A teacher at an Upper Manhattan high school and his twin brother have been arrested on suspicion of running a bomb factory in their Bronx apartment. Police recovered some 30 pounds of precursors and a bomb-making manual.

Christian Toro, a teacher at a charter school in Manhattan, allegedly enlisted his students’ help to manufacture explosives. Christian, along with his twin brother Tyler Toro, also devised a way to get rid of the incriminating evidence, the former’s confiscated diary indicates.

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At a press conference on Thursday, NYPD Commissioner James O’Neill revealed that the arrests were a result of a two-month long investigation into a bomb scare at the school on December 4. Police initially traced the threat to a 15-year-old student, who was then arrested. At that point, neither of the Toro brothers were implicated in the investigation. It was only when Christian abruptly resigned on January, 10, that he got on the law enforcement's radar. A school laptop his brother returned two days later became the key to uncovering a larger plot involving both twins. A technical staffer accidentally discovered what appeared to be a bomb-making manual on the laptop and alerted the police.

“Staff of the school was crucial. Good people step forward with information crucial for law enforcement,” John Miller, Deputy Commissioner of Intelligence and Counter-terrorism of the NYPD told a briefing.

At this point, the FBI and NYPD Joint Terrorism Task Force joined the investigation, which led to the FBI questioning Christain about the bomb-making materials and eventually seeking a warrant to search the brothers’ Bronx apartment. Christian denied that he plotted to manufacture any explosive devices, insisting that he had not downloaded the manual and only briefly looked at it for the purpose of research. However, at least two students at the school told the agents they were paid $50 to harvest explosive black powder from fireworks and put it into separate containers for unclear purposes, O’Neil said.

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FILE PHOTO: AR-15 rifles with colored hand guards are displayed for sale at the Guntoberfest gun show in Oaks, Pennsylvania, U.S., October 6, 2017. © Joshua Roberts

After the FBI descended on the flat, they recovered a huge supply of materials that could be used to make explosives, including about 30 pounds of chemical precursors or bomb-making ingredients, as well as a bag with metal spheres, according to the police complaint.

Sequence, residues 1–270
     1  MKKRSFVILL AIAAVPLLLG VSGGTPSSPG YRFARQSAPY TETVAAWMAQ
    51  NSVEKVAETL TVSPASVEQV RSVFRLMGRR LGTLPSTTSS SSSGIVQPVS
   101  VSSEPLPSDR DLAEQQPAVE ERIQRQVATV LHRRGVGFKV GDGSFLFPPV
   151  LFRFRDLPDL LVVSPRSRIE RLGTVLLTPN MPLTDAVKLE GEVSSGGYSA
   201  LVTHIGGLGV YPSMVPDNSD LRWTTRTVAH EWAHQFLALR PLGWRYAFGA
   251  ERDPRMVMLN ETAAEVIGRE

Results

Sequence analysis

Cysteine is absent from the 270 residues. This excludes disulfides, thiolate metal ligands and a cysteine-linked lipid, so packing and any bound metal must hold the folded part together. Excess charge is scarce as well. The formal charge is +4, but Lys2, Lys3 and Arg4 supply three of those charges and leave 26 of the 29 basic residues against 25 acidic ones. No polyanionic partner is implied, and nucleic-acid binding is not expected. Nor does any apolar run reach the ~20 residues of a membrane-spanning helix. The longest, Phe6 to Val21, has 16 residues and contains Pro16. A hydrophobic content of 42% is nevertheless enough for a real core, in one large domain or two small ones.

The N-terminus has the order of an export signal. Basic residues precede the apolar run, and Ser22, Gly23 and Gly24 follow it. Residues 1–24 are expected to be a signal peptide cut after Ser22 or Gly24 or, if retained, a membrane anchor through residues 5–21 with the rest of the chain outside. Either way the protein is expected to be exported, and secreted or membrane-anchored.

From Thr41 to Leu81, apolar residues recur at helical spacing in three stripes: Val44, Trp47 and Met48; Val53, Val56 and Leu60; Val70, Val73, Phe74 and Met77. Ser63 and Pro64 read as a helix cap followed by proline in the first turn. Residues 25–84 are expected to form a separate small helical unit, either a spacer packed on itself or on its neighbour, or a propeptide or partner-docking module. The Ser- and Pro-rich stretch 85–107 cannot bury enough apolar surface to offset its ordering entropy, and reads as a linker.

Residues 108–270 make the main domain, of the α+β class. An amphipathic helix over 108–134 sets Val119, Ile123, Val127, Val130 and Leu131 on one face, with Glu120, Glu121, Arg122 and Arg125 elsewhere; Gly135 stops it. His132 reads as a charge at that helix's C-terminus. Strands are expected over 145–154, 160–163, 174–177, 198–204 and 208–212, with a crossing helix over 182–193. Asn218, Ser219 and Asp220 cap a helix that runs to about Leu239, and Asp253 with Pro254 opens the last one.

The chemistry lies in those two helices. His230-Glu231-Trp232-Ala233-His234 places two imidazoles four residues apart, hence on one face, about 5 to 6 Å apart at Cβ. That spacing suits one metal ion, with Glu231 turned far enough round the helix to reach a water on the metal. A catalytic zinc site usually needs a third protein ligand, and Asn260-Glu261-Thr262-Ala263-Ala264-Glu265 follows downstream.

The agents also discovered a diary that apparently belongs to Tyler, in which he documented the pair’s preparations for an attack, mentioning “operation Flash,” which was supposedly aimed at disposing of the physical evidence.

“If you’re registered as a sex offender, things will be difficult. But I am here 100% living, buying weapons. Whatever we need,” one of the bizarre records reads, apparently referring to rape charges of a minor that were brought against Christian when he was arrested on January, 31.

O’Neil also quoted a line from the backpack index recovered during the search that read “under the full moon the small ones will know terror,” adding that, at this stage of the investigation, the law enforcement didn't know "the full breadth of what these materials mean.”

Christian was also charged with unlawful manufacture of a destructive device and distribution of explosives to a minor. It is unclear if the 15-year-old suspect in a bomb scare case is the same person he provided the bomb to. Tyler was also charged with one count of manufacturing an explosive device. Police said that neither of the twins were known to the authorities before the investigation, and neither had a criminal record.

Both are now in custody and have pleaded not guilty to all the charges. Tyler is being held without bail, while a bail hearing for Christian is scheduled for February, 21. A first court hearing has been set for March, 19.

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